Radiological Presentations Transverse Ultrasound Image Left Adnexa IMAGE #4
Radiological Presentations Longitudinal Ultrasound Left Adnexa with Doppler IMAGE #5
Adenocarcinoma Pedunculated Fibroid Omental Implant Metastasis Fibroma Massive ovarian edema Which one of the following is your choice for the appropriate diagnosis of the left adnexal mass ? After your selection, go to next page. Test Your Diagnosis
- Contrast enhanced CT scan of the abdomen and pelvis shows a 10 x 10 x 7 cm, well circumscribed solid mass in the left mid abdomen (image #1) which connects to the uterus via the broad ligament, consistent with a left adnexal origin. A “whirled” appearance of the mesenteric vessels suggests torsion (image #2, arrow). The right ovary is normal, but no normal left ovary is identified (image #3). Small free fluid is seen in the pelvis. - Ultrasound shows a large, heterogeneous but mostly solid left adnexal mass (image #4). Only minimal blood flow is visible in the periphery of the mass (image #5). Granulosa Cell Tumor Thecoma Fibroma Brenner Tumor Endometrioid Tumor Krukenberg Tumor Cystadenoma Cystadenocarcinoma Findings: DDx for a predominantly solid ovarian mass: Findings and Differentials
Ovarian fibromas constitute 4% of all ovarian tumors and are composed of collagen producing spindle cells which resemble fibroblasts. These tumors usually arise in peri- or post- menopausal women, and the average size is six centimeters. Smaller tumors are frequently asymptomatic. Larger tumors cause abdominal enlargement, pain and urinary symptoms. Acute pain is associated with torsion. Fibromas may very rarely produce steroid hormones. Two unusual clinical syndromes are occasionally seen with ovarian fibromas. Meig’s syndrome complicates 1-3 % of ovarian fibromas and is accompanied by ascites and a hydrothorax, both of which remit after the tumor is removed. The hereditary basal cell nevus syndrome (Gorlin’s syndrome) usually involves bilateral fibromas which are calcified and occur in a younger population. Ovarian fibromas are almost always benign. This is important from an imaging standpoint because they may mimic malignant neoplasms given their solid appearance. Ultrasonographically, these tumors are generally hypoechoic and tend to attenuate the sound beam. CT scan typically shows a heterogeneous but predominantly solid mass which may have foci of edema, hemorrhage or necrosis, sometimes resulting in cyst formation, especially as the tumor increases in size. Most are unilateral. Less than ten percent show focal or diffuse calicification. Only rarely are benign implants seen in the peritoneum. Ascites is a fairly common finding and is believed to be a direct transudation from the tumor. It is seen in 40-50 % of cases when the tumor is larger than five centimeters in diameter. The treatment for ovarian fibromas is excision, and the prognosis is excellent. Discussion Haaga J, Lanzieri C, and Robert Gilkeson: CT and MR Imaging of the Whole Body: 4:1782, 2002. Kurman R: Pathology of the Female Genital Tract: 5:923-5,2002. Robboy S, Anderson M, and Peter Russell: Patholgy of the Female Reproductive Tract: 619-22, 2002. Scully R, Young R and Philip Clement: Atlas of Tumor Pathology: Tumors of the ovary, maldeveloped gonads, fallopian tube, and broad ligament: 3, 194-7, 1996. Thurmond A, Jones M, and Deborah Cohen: Gynecologic, Obstetric, andBreast Radiology: 259-64, 1996.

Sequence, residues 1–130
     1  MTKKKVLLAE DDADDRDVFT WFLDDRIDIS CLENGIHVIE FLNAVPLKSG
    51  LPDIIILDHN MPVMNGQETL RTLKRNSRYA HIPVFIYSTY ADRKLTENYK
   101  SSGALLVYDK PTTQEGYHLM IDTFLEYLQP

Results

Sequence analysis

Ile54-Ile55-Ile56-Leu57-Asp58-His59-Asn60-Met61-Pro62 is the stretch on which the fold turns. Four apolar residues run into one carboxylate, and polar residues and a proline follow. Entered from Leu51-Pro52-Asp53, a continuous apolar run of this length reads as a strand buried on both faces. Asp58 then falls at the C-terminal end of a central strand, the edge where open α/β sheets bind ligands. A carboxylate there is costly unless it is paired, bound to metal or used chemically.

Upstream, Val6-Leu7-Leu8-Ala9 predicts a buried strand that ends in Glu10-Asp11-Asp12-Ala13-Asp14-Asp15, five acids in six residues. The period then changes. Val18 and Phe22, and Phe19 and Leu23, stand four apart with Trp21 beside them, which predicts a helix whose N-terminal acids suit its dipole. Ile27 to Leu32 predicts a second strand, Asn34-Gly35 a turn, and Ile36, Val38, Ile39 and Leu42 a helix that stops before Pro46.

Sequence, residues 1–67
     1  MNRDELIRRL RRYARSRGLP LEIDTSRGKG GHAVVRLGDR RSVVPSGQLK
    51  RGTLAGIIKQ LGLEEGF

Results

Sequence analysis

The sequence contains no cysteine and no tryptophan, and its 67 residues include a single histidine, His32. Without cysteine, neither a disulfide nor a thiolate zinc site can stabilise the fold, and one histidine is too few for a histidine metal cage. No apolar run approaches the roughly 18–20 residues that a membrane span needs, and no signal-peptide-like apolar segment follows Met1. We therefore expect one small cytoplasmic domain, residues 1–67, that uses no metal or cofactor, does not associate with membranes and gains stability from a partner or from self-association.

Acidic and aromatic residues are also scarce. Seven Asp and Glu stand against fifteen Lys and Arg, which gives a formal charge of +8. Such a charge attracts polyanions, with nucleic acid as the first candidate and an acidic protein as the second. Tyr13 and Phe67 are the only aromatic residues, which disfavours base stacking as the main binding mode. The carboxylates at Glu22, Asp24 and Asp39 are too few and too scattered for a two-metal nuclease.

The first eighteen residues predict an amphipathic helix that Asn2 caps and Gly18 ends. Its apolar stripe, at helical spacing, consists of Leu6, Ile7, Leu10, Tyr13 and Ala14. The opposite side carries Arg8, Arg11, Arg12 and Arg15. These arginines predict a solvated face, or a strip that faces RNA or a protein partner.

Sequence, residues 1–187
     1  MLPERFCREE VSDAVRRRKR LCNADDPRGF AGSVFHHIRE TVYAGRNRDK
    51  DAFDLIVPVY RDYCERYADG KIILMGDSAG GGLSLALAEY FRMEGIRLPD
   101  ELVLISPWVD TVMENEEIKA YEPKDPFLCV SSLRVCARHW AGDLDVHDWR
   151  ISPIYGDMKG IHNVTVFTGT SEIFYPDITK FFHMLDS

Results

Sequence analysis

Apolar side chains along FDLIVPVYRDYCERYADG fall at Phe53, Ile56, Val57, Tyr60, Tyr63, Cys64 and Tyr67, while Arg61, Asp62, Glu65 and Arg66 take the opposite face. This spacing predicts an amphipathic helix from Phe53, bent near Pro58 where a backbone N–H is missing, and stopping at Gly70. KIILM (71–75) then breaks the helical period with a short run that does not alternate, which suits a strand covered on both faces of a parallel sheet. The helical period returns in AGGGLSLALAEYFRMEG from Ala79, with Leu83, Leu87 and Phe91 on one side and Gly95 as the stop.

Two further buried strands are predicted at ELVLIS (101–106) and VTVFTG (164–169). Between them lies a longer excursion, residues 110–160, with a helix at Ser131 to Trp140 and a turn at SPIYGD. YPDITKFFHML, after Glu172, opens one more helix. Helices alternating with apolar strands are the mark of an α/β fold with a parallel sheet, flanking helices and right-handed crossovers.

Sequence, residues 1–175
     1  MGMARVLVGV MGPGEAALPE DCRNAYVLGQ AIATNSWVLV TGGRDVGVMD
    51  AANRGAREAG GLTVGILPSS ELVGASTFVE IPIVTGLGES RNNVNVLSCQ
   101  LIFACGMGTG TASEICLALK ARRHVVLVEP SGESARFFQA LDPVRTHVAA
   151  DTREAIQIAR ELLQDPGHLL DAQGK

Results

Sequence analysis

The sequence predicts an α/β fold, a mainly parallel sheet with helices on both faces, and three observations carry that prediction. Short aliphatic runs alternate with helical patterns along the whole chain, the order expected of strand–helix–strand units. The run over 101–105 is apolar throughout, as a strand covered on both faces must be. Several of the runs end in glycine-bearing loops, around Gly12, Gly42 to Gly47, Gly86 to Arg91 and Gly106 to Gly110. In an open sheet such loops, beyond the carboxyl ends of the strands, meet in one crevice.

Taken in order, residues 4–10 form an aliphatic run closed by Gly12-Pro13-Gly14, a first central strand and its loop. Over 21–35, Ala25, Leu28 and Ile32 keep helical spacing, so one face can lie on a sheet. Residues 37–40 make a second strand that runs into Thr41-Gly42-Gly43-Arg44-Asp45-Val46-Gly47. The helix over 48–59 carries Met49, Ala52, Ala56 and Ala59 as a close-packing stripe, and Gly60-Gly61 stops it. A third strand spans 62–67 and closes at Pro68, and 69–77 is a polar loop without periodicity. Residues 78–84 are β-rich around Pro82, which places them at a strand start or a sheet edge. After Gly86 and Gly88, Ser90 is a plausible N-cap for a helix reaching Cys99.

The patient was taken to surgery and the left ovary was found to be torsed two times. Malignancy was suspected due to the solid appearance of the mass, and a TAH/BSO was performed. Discussion The sectioned surface is gray-white and chalky with hemorrhage. Microscopically, the cells have small spindle- shaped nuclei lacking atypia or significant mitotic activity. The arrows point to a region of hemorrhagic infarction.
Ovarian fibroma with hemorrhagic infarction. Diagnosis